There’s nothing easy about what midrange storage arrays do for small-to-medium enterprises and their applications.  There is, however, a solution with Dell EMC Unity Storage. The difference with Unity is that it seamlessly translates the complexities of storage setup, management, and support into an integrated, powerful, and balanced unified platform with superior simplicity and ease of use. Unity has introduced a new level of simplicity and affordability into a family of all-flash arrays targeted to the fastest growing segment of the storage market – small and mid-sized organizations. It was Leonardo da Vinci who said, “Simplicity is the ultimate sophistication.” The sophistication of Unity’s simplicity takes away obstacles long confronted by IT generalists shortening their path to improving processes and practices, delivering IT service management, and pursuing innovation. The design principle of “Keep it Simple Stupid” (KISS) is harder to accomplish than it sounds. Well maybe for others anyway.

You can learn all about the simplicity of Unity in the full blog here.

Expanding the Horizon for Dell EMC Midrange Storage Customers

Guy Churchward

President, Core Technologies Division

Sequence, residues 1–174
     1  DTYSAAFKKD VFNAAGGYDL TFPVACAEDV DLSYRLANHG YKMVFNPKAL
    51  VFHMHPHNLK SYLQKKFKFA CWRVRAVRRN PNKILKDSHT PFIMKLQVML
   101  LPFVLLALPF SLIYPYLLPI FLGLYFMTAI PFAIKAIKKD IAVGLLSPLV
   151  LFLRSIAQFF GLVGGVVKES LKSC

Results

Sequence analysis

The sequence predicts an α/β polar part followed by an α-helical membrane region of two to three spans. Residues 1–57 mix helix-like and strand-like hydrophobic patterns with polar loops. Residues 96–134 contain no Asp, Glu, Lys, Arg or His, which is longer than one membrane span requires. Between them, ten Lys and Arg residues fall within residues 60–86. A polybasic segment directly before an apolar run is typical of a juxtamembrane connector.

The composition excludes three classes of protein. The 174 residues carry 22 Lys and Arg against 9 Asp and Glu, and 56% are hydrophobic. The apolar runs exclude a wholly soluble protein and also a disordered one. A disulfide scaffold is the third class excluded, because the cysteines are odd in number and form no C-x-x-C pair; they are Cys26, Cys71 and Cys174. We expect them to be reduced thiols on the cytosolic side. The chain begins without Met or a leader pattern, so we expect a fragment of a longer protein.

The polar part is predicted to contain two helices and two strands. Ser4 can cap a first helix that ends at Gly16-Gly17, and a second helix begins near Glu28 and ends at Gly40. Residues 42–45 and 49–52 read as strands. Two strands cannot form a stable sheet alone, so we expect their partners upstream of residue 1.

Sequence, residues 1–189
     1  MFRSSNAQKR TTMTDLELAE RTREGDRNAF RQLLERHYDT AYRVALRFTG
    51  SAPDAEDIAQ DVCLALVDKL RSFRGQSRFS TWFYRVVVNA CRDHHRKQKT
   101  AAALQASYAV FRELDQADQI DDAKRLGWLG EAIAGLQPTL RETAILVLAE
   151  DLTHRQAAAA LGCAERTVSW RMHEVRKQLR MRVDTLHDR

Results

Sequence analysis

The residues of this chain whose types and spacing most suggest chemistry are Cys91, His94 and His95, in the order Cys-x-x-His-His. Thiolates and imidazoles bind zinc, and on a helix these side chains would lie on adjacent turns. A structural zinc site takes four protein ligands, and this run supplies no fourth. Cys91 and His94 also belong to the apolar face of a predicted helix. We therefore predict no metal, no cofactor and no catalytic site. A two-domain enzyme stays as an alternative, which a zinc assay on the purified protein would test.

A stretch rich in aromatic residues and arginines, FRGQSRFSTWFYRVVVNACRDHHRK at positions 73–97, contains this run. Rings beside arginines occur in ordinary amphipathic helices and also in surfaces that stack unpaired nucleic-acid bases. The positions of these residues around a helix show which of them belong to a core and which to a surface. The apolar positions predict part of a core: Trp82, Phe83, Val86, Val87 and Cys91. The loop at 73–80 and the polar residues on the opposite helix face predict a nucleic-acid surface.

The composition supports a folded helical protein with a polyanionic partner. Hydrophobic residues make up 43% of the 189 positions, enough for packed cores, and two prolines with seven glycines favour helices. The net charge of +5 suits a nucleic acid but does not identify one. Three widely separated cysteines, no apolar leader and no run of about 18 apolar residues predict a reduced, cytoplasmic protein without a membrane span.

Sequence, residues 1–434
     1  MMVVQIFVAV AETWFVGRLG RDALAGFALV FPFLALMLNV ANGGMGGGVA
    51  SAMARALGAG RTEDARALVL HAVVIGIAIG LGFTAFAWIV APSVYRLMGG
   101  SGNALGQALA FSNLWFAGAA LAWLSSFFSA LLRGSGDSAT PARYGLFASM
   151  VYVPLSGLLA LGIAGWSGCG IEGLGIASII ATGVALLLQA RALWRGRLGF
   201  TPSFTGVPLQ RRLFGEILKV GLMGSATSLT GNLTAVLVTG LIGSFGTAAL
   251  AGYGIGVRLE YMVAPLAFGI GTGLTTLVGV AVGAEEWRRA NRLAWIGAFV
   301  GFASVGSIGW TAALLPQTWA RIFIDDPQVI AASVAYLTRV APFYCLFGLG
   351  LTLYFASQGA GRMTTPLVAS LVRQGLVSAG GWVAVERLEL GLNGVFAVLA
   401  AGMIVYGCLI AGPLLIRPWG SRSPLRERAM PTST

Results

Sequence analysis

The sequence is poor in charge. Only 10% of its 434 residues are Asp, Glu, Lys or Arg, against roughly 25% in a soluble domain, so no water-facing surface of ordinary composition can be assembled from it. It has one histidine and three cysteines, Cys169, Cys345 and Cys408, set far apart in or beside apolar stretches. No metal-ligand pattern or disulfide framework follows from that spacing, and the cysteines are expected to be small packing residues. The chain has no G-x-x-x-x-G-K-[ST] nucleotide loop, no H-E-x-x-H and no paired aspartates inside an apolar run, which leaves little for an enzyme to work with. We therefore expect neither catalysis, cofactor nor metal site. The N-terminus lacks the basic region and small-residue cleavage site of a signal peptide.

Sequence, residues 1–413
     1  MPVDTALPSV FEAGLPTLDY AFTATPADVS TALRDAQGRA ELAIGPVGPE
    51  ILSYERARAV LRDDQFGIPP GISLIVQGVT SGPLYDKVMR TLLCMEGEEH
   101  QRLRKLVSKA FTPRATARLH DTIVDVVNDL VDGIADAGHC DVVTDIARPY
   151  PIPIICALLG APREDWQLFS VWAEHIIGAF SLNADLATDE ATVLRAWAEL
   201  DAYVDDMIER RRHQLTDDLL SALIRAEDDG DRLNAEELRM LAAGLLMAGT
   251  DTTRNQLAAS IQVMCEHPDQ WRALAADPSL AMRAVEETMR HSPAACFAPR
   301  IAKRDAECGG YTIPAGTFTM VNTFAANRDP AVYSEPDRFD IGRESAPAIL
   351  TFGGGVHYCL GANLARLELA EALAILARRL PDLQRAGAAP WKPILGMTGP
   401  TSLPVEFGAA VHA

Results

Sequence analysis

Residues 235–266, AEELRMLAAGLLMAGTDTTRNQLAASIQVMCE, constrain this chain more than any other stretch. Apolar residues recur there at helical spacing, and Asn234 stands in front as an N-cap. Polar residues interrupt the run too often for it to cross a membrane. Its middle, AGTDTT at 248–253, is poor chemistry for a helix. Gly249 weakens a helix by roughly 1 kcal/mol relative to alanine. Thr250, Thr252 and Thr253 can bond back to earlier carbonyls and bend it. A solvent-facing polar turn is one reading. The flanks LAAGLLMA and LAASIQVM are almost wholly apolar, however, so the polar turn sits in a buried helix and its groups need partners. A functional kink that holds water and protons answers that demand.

Guy Churchward is President of Core Technologies at EMC Corporation. He is responsible for a division that is redefining storage, through a comprehensive portfolio of core storage solutions encompassing the award-winning VMAX, VNX, VNXe, XtremIO, VPLEX, and Data Domain technologies and a cutting-edge software portfolio that delivers simplified storage systems management, continuous availability, replication, backup, and archive solutions. Churchward has more than 27 years of experience in the IT industry, with broad international experience that spans executive management, engineering, sales, marketing and business development capacities. He joined EMC in May 2012, when he served as Senior Vice President of Engineering for the Backup & Recovery Systems Division, before becoming Division President in October 2012. He was appointed to lead the Core Technologies Division in October 2014. Prior to joining EMC, Churchward was President and CEO of LogLogic, an enterprise log and security intelligence platform company. He has also served as Vice President and General Manager of the Data Protection Group at NetApp, where he was responsible for product strategy and development of the company's portfolio of disk-to-disk and disaster recovery products, as well as Vice President and General Manager of BEA's WebLogic Products Group. In addition, he has held senior management positions at Sun Microsystems (formerly Tarantella Inc.), The Santa Cruz Operation (formerly IXI), Accenture (formerly Binder Hamlyn) and Olivetti. Churchward holds an Executive MBA from Stanford Business School and studied computer science at Cambridge Tutors College, England.